The Venue: Cipriani, New York
Key Execs: Oxygen Chairman-CEO Gerry Laybourne, President Lisa Gersh, Director-Ad Sales Mary Jeanne Cavanaugh, and Director-Programming and Marketing Debby Beece
The Food: A warming and hearty Italian breakfast -- salmon and goat cheese for bagels, two varieties of frittata, and some sausage and hash browns for less adventurous eaters
The Swag: iPod Shuffles were discreetly distributed in bright-pink goodie bags, an apparent attempt on Oxygen's part to show off its status as the only network launched in the past decade to reach 70 million homes.
The Celebs: A full helping of Oxygen's highest-rated talent, including Janice Dickinson, Mo'Nique, Sue Johanson and the cast of "Campus Ladies," along with show-closing surprise musical guest Jamie Foxx.
The Ratings Game: Still riding high on carriage gains from 2006, Oxygen has narrowed its gap with main competitor Lifetime from one-twelfth of its household audience to one-fourth. Last year it increased total-day viewing in households by 10% to 145,000 and jumped 15% in prime time to 203,000, with a strong showing among women 18 to 24. Ratings for its original programming continue to rise, with hairstyling competition "Tease" recently premiering to a .52 household rating and the second season of "The Janice Dickinson Modeling Agency" opening with .50.
Forget waiting until the end of spring. Upfront season is right here, right now, and unofficially kicked off this morning with Oxygen's first upfront event in New York. The Oprah-approved Little Women's Network That Could reached 70 million households in 2006 (the first network launched since 1996 to do so), a feat commemorated with a showy, scripted event at Midtown Manhattan staple Cipriani.
After a cute intro from the perpetual fish out of water from "Campus Ladies" (who came to their first upfront in pastel-colored cat sweatshirts), Oxygen Chairman-CEO Gerry Laybourne told the packed crowd: "We want advertisers to know we're selling inventory 52 weeks a year." And with many of Oxygen's biggest series under way in their second and third seasons, January seemed as good a time as any to get the word out on the rest of the 2007 programming slate.
One upcoming reality series, Adfight, will pit agency creatives against ad students and amateurs to see who can come up with the best marketing to young women. Oxygen itself has faced that challenge with a bit of success. Last year the network increased total-day viewing in households by 10% to 145,000 and jumped 15% in prime time to 203,000. That makes Oxygen's audience just over one-fourth the size of Lifetime's, a sign of the network's steady climb over the past six years.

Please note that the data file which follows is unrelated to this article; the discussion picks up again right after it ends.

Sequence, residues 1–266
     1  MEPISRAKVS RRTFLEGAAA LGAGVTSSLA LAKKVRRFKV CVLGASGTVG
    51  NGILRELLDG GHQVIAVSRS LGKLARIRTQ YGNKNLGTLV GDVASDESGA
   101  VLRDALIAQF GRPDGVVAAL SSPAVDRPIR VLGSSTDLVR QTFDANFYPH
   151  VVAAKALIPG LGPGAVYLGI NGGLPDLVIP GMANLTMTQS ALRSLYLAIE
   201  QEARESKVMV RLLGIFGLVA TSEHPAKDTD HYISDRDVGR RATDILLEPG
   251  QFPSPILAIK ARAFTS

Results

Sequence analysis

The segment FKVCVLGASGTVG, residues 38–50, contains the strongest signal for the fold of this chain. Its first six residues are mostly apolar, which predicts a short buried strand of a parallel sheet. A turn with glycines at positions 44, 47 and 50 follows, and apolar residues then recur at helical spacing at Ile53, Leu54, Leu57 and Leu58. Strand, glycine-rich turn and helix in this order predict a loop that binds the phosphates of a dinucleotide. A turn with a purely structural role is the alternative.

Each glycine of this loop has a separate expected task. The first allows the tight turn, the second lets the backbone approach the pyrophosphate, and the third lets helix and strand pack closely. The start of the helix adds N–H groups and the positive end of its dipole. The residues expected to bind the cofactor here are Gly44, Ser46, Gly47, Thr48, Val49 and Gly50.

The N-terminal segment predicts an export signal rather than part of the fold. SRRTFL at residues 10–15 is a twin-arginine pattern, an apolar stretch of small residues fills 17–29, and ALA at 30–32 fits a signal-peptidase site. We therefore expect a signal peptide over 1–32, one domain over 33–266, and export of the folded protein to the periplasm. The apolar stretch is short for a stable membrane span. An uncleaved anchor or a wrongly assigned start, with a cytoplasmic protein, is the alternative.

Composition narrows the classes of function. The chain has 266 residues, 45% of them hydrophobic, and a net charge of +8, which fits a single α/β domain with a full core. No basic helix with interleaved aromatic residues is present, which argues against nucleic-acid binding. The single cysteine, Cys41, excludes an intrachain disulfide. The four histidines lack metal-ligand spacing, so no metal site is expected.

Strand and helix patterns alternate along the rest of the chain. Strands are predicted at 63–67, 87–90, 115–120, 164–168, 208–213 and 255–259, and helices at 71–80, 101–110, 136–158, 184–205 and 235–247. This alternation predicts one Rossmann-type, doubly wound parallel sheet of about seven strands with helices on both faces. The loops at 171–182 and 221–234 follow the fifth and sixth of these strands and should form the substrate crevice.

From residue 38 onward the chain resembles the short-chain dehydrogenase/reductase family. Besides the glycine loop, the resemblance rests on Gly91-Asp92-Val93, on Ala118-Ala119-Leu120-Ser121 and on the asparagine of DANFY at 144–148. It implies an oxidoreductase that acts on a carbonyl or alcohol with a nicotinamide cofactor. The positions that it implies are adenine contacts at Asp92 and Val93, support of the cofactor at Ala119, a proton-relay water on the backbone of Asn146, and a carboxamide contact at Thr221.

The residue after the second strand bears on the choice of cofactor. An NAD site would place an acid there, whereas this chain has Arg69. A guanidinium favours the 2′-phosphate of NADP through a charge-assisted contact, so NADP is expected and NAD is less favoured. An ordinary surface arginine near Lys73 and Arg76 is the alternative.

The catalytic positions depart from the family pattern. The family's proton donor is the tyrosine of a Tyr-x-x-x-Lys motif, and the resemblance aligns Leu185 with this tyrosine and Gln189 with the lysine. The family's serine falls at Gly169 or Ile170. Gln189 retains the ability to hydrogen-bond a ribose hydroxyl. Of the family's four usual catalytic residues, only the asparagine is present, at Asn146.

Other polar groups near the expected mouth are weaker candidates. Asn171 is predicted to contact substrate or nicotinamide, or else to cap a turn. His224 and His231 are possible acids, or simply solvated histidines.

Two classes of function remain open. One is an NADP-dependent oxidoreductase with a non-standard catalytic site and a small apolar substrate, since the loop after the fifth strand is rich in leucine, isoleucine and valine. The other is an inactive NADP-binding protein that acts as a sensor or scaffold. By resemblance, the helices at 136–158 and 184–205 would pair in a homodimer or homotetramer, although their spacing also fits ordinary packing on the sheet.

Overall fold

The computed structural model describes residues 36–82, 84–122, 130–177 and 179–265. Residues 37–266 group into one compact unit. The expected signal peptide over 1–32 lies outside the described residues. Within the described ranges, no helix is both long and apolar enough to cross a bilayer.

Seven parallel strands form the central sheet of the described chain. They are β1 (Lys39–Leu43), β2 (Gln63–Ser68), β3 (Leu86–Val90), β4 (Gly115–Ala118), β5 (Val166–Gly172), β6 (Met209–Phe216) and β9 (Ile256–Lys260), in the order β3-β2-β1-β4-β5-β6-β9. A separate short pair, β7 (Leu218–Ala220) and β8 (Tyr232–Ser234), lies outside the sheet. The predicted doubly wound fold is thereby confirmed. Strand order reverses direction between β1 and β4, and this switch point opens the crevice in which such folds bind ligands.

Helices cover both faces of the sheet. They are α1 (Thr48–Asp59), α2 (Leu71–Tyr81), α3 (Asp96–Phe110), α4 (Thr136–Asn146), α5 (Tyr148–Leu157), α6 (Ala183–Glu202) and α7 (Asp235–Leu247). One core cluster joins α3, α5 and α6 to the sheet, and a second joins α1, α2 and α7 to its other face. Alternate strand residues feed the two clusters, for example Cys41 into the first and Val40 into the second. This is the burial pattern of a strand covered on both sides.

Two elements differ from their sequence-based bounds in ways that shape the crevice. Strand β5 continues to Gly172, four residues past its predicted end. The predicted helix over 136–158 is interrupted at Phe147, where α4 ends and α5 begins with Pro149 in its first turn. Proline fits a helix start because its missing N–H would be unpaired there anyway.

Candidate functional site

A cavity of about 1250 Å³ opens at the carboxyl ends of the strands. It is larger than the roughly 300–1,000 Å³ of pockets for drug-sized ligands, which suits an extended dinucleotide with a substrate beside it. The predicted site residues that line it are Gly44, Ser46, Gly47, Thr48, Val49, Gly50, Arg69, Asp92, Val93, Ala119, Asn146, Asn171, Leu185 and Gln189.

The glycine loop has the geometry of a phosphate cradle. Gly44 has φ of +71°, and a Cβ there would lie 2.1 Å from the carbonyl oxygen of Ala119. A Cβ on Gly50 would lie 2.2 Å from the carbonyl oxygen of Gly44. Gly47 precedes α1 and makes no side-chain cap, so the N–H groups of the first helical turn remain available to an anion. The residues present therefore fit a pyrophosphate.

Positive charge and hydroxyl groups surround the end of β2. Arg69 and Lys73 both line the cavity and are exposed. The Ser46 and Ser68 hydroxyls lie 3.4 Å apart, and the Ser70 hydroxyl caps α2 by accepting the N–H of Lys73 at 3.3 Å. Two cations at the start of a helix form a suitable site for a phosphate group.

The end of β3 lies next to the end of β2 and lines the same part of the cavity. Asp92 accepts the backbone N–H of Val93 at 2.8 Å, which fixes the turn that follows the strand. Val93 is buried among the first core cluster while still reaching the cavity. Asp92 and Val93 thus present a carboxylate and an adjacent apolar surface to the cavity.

Other noteworthy launches
Other noteworthy program launches from Oxygen for the younger-female demo include "Prankstar," a "Girls Behaving Badly"-esque comedy competition, and "Dean and Tori: Inn Love," in which Tori Spelling opens up a California bed and breakfast with her new hubby.
While the very-pregnant Spelling was a no-show, many of her Oxygen peers showed up for the lavishly produced event. Janice Dickinson made a typically showy appearance by pretending to scan the audience for her next model, who conveniently happened to be a Grey sales exec with an easily removable shirt. Sexpert Sue Johanson, meanwhile, couldn't resist having some naughty fun with the word "upfront," patting her clothes and saying, "For you it's a normal word, but to me it's kind of dirty." Johanson's clothes remained on, however, unlike those of the beefcake from Grey.
The event came to a close with a surprise performance from Jamie Foxx, who summed up the network's appeal with an original song likely titled "Still Got It," which paid humorous homage to expectant mothers for their newly voluptuous figures and voracious appetites. Coming hours after his film "Dreamgirls" was snubbed for a best-picture Oscar nomination and weeks away from Valentine's Day, Foxx's performance was a well-timed close to the beginning of what will likely be the most eventful upfront season yet. Let the stunts begin.